Jesus told this parable.
“There was a rich man who was dressed in purple and fine linen and lived in luxury every day. At his gate was laid a beggar named Lazarus, covered with sores and longing to eat what fell from the rich man’s table. Even the dogs came and licked his sores.
“The time came when the beggar died and the angels carried him to Abraham’s side. The rich man also died and was buried. In Hades, where he was in torment, he looked up and saw Abraham far away, with Lazarus by his side. So he called to him, ‘Father Abraham, have pity on me and send Lazarus to dip the tip of his finger in water and cool my tongue, because I am in agony in this fire.’
“But Abraham replied, ‘Son, remember that in your lifetime you received your good things, while Lazarus received bad things, but now he is comforted here and you are in agony. And besides all this, between us and you a great chasm has been set in place, so that those who want to go from here to you cannot, nor can anyone cross over from there to us.’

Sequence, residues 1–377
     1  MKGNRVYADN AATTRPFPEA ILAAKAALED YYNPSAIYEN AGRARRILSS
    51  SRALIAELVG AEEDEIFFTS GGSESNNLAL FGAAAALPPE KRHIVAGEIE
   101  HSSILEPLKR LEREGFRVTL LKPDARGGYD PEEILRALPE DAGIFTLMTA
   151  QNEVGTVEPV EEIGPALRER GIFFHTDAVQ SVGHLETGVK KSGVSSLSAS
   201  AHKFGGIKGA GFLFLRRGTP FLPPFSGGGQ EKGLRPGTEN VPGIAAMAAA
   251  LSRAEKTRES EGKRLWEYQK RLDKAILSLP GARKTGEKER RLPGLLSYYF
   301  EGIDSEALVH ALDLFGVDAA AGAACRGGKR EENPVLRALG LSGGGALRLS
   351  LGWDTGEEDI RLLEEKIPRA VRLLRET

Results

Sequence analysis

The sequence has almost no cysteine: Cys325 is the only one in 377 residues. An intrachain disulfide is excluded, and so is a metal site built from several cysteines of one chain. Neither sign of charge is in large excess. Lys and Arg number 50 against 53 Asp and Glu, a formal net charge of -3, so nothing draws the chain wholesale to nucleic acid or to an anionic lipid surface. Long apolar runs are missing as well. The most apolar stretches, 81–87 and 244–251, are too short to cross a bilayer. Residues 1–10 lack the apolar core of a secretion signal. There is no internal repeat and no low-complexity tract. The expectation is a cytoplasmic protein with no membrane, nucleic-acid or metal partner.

“He answered, ‘Then I beg you, father, send Lazarus to my family, for I have five brothers. Let him warn them, so that they will not also come to this place of torment.’
“Abraham replied, ‘They have Moses and the Prophets; let them listen to them.’
“‘No, father Abraham,’ he said, ‘but if someone from the dead goes to them, they will repent.’
“He said to him, ‘If they do not listen to Moses and the Prophets, they will not be convinced even if someone rises from the dead.’”
Less than thirty kilometres from this church lies the border with Russia. It is the longest eastern border separating a European country from Russia, stretching for 1,340 kilometres from south to north. In the course of history this border has run through various places, making the difference between east and west visible.